At the start of each treatment session, a radiation therapist helps you get into position and may use blocks or special shields to protect parts of your body from exposure to radiation. The therapist then lines up lights on the machine with the marks on your skin so the radiation is directed to the right spot. When you’re ready, the therapist leaves the room and turns the machine on. You may hear whirring or clicking noises as the machine moves during radiation. This may sound like a vacuum cleaner. The machine won't touch you.
During the session, you’ll be able to talk to and hear the therapist over an intercom. You can’t feel radiation, so the process will be painless. You will not be radioactive afterward.
This kind of radiation is mainly used to help relieve symptoms. For instance, it might be done to shrink a tumor that's making it hard to swallow. To give internal radiation, a long, thin tube is passed down your throat to hold the radiation source right next to the cancer. The radiation travels only a short distance. So it only affects the cells close to it. But because the radiation travels only a short distance, it can't be used to treat large tumors.
To get ready for treatment, you’ll need to have some imaging tests done. These may include a CT scan and esophageal ultrasound. This helps your healthcare provider see your esophagus and the nearby tissues so they can map out exactly where the radiation needs to be placed.
You can get this treatment in either a hospital or outpatient setting. On the day of treatment, you may get local anesthetic (medicines used to numb the area) or you might get general anesthesia (medicines are used to put you into a deep sleep so you don’t feel pain). While you lie on your back, your healthcare provider puts a tube down your throat and into your esophagus. The radiation source is then guided down the tube and put next to the cancer.
The treatment may be given over a few minutes and repeated for a few days. Or the radiation may be left in place for a day or so. In this case, you’ll need to stay in the hospital.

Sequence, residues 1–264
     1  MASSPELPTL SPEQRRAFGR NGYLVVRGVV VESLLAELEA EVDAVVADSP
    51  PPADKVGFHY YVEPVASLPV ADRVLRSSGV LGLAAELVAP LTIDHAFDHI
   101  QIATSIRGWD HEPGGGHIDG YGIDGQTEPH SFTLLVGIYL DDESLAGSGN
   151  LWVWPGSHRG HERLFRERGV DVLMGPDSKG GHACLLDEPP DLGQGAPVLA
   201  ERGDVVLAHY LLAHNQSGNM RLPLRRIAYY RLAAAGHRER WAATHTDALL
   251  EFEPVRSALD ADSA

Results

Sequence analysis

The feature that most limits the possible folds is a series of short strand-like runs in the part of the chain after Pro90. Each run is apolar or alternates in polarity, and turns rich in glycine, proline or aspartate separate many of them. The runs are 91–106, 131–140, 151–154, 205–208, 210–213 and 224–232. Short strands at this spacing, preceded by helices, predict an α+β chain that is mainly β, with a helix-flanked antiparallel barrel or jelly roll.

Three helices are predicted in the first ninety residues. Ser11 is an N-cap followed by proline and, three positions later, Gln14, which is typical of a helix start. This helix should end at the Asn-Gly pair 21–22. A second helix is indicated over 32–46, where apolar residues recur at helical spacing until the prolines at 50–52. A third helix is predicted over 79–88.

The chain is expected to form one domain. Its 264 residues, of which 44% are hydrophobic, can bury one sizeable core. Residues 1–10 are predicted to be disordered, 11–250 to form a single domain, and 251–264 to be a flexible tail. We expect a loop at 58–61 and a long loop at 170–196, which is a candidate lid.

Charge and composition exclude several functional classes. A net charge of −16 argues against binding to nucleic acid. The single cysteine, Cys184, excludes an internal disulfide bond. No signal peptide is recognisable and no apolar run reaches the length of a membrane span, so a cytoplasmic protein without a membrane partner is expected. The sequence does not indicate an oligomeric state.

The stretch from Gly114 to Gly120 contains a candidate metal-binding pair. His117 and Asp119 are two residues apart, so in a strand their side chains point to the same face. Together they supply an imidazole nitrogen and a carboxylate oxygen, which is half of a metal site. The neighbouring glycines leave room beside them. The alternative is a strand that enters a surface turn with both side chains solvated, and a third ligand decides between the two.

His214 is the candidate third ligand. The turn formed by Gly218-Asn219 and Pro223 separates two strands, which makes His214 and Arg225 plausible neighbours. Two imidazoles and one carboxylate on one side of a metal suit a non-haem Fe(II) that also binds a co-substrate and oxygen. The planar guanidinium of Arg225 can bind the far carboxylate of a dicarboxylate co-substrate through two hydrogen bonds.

Because radiation affects normal cells as well as cancer cells, you may have some side effects. The side effects from radiation are normally limited to the area being treated. Tell your healthcare provider about any side effects you have right away. It's important to treat them before they get worse.
If side effects are bad, your healthcare provider may change the dose of your radiation or how often you get treatment. Or treatment may be stopped until your side effects get better.
Common side effects can include:
Skin irritation, peeling, or blisters in the skin that the radiation goes through
Mouth or throat sores
Burning, tightness, or pain when swallowing and eating
Dry mouth and throat, or thick saliva
Nausea or vomiting
Most side effects tend to go away over time after you stop treatment. Still, if you have any of these side effects, talk with your healthcare provider about how to deal with them. You should also ask what side effects you might expect and what to do if they become serious. Make sure you know what number to call with questions or problems. Is there a different number for evenings and weekends?
It may be helpful to keep a diary of your side effects. A written list will make it easier to remember your questions when you go to appointments. It will also make it easier for you to work with your healthcare team to make a plan to manage side effects.